It is a well known fact that when the structural component of the tyre is damaged, without penetrating the ‘air membrane’, the remaining carcass will eventually explode.
      The most tragic occurrence of this phenomenon was when the structure of the Michelin tyre on Concorde was cut by a piece of metal left on the runway by a previous aircraft – the tyre exploded and 113 people died as a result.
      Michelin had already reinforced the structure to as far as, they claimed, was possible yet the tyre still exploded and the debris punctured the fuel tanks in the wings.
      Maybe with your infinite knowledge you can propose an alternative tyre construction methodology to the tyre manufacturers!

      • From another engineer: It is a well know fact that a tyre should not expose its structural component as a result of reasonable wear, when wearing a tyre loses performance, it does not go directly to exposing its structural component and exploding. When a tyre explodes it is because, as you pointed, the structural component is already exposed. Why does Pirelli tyres expose their structural components in situations where other tyres don’t -63 of them in a single event-. The problem is Pirelli.

        • How do you know that other tyres wouldn’t have “expose[d] their structural components” in the same situation? It’s not like they reran the same event, under the same conditions with Bridgestone tyres. So how can you predict how they would have performed in those conditions?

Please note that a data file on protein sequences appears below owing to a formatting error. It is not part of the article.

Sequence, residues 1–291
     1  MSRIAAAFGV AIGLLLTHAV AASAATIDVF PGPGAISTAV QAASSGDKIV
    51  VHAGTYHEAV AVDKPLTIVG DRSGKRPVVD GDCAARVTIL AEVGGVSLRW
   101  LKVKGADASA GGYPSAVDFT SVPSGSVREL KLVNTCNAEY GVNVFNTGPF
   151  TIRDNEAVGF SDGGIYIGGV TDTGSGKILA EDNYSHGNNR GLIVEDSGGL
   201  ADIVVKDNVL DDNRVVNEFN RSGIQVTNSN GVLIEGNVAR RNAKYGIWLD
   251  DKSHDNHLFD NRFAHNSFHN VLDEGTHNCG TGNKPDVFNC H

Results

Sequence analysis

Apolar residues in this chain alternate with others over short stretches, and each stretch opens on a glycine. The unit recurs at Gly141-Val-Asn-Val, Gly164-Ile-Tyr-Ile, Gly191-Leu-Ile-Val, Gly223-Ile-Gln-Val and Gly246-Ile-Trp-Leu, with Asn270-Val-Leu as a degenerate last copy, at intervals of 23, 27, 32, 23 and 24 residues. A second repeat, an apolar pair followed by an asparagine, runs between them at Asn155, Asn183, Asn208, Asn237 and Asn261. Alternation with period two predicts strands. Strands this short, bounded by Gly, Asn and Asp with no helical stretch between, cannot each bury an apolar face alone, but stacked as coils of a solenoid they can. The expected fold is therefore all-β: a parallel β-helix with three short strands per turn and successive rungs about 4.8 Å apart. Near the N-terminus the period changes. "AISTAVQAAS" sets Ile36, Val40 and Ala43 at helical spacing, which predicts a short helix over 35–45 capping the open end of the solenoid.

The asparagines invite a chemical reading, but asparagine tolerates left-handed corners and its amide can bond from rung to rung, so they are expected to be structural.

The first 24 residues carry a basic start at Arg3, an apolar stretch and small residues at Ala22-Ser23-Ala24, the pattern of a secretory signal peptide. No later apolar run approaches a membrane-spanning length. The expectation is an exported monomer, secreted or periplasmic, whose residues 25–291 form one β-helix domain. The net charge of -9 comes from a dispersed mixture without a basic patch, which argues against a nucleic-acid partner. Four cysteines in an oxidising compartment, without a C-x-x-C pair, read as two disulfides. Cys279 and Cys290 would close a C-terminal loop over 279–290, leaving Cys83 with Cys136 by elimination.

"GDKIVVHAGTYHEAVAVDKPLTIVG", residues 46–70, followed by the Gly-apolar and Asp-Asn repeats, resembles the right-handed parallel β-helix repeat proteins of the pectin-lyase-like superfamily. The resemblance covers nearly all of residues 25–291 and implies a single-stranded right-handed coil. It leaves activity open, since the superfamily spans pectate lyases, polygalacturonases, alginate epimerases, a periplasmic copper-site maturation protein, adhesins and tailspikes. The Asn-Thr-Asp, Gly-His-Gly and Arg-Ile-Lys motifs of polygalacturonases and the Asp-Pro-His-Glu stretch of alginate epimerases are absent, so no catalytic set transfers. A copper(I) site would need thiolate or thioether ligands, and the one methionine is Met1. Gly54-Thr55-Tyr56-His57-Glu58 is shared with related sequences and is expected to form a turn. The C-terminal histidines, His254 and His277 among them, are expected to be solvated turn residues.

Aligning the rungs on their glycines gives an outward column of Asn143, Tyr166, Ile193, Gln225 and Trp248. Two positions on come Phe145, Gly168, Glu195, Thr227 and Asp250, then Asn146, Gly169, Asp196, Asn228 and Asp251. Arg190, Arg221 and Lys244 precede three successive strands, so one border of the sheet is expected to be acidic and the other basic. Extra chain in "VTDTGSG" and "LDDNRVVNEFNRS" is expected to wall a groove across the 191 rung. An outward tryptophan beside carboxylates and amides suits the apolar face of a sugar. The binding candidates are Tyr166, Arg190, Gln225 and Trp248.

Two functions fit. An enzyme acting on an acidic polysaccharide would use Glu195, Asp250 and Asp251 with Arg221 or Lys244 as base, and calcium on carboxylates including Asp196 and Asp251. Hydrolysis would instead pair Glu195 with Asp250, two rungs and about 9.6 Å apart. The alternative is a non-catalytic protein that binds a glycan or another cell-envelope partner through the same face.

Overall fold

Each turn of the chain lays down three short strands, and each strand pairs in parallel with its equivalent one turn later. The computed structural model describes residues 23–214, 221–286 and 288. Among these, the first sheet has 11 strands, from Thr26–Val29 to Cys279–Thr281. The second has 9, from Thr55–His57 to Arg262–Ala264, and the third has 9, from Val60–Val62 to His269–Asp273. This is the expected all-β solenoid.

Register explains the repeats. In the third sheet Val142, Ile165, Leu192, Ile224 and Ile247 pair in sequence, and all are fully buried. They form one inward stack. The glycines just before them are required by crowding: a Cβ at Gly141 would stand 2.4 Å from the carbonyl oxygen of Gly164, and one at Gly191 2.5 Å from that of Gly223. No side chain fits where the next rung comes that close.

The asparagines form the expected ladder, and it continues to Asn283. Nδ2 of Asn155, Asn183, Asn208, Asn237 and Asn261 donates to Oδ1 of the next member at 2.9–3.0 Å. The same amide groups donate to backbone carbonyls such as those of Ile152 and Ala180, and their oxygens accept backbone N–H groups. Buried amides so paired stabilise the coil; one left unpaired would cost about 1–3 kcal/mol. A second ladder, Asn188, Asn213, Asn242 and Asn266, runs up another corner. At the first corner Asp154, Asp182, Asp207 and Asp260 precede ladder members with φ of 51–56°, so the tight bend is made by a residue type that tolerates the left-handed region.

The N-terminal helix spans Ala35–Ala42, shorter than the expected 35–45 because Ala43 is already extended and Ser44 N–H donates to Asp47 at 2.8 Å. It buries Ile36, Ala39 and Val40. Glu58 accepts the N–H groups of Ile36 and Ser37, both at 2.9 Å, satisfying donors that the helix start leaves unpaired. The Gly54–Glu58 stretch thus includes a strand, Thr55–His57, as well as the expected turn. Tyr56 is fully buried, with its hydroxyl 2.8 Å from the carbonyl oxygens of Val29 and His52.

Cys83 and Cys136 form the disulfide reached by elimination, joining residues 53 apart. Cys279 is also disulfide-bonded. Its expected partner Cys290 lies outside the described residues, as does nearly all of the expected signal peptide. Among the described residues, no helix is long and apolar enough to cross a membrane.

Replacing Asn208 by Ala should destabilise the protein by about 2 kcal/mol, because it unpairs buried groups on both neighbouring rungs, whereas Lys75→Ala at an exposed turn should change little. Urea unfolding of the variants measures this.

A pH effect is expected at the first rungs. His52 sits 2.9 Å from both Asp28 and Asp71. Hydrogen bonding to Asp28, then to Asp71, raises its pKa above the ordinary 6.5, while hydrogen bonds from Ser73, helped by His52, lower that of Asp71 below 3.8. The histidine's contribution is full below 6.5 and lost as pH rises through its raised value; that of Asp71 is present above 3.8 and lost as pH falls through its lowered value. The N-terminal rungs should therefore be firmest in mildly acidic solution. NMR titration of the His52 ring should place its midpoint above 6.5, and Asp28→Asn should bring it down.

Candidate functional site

• @hippo

      I could be wrong, but did I not once hear you mention on one the podcast that you had a tyre blowout whilst doing over a 100 mph? Did you experience any deflation before it blew out?

      Apologies in advance if my recollection is incorrect.

  2. They did this to over their own ass, Ferrari should do an internal investigation too and after 2 weeks conclude it was not the fault of their strategy but Pirelli. As for Pirelli running F1, that would be a disaster but is obviously a joke. Teams and drivers might not even listen to Pirelli’s advice, but they would if Charlie Whiting told them, so maybe Pirelli should warn Charlie first and then he can let the teams know since they will listen to him with more authority. Tyres should not explode all of a sudden but drop off the give warning as everyone has said, and if you’ve watched the actual race in Spa, all of the drivers were using the kerbs, the only thing that separated Seb from the other drivers was the 1 stop strategy, not his driving style or use of the kerbs.